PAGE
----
In the final episode of Maisel Season 2 "All Alone" the final scene centers around a performance by comedian Lenny Bruce. He sings a song about a man (Lenny) who divorces his wife and goes on to say that being alone results in wealth and fame. It is his dedication to the art and sacrifice of his personal life that allows Lenny to be who he is. Seeing this, Midge find inspiration not to give up her comedy career, but to accept loneliness and keep moving forward. She knows she can't have both. So she decides, in a 5-minute phone call in which she agrees to go on a six-month tour, that she will be alone for the rest of her life. She understands that making that decision is a selfish one. That her selfishness is what will drive her forward in a career of comedy but also fuel her loneliness.
To quote Bo Burnham one more time from the song 'Art is Dead.' Entertainers "will be rewarded for never maturing, never understanding or learning every day can't about him, there's other people [...] I must be psychotic, I must be demented to think that I'm worthy of all this attention, or all of this money you worked really hard for. I slept in late while you worked at the drug store. My drug's attention, I am an addict, but I get paid to indulge in my habit. It's all an illusion. I'm wearing makeup. [...] Some people think I'm funny. How do we get those people's money?"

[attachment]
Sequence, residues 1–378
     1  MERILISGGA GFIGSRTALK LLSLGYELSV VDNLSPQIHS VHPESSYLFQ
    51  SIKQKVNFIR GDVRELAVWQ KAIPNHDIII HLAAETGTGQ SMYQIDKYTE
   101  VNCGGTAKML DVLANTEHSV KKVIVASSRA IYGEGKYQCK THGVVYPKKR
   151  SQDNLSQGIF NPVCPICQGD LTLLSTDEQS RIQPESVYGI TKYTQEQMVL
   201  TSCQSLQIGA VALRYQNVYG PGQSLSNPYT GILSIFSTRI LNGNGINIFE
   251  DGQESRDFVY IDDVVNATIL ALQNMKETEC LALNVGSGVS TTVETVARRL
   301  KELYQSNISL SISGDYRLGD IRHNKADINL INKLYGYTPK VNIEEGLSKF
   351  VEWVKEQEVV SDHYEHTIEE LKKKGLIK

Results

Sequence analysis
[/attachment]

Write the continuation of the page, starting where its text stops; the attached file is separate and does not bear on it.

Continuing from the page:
I think online "communities" centered around celebrities are partly a way for celebrities to try and remain attached to the normal world. YouTubers especially don't want to think of themselves as above anyone. As anything different than the average person. They don't have the writers and editors. It's not so obvious that they are a part of something bigger than themselves. Drifting away from normal people by living a different lifestyle can leave one feeling empty and lonely. So they try to stay connected. Instead of embracing the entertainer's world, by hanging out with other entertainers and living larger, they create a product called "community." Within that community, they project their need to stay connected onto their audience. The audience becomes a part of that manufactured world. The result? Both artist and consumer leave their own worlds for this "community." Isolating themselves in the way that Midge decides to isolate herself from the idea of family.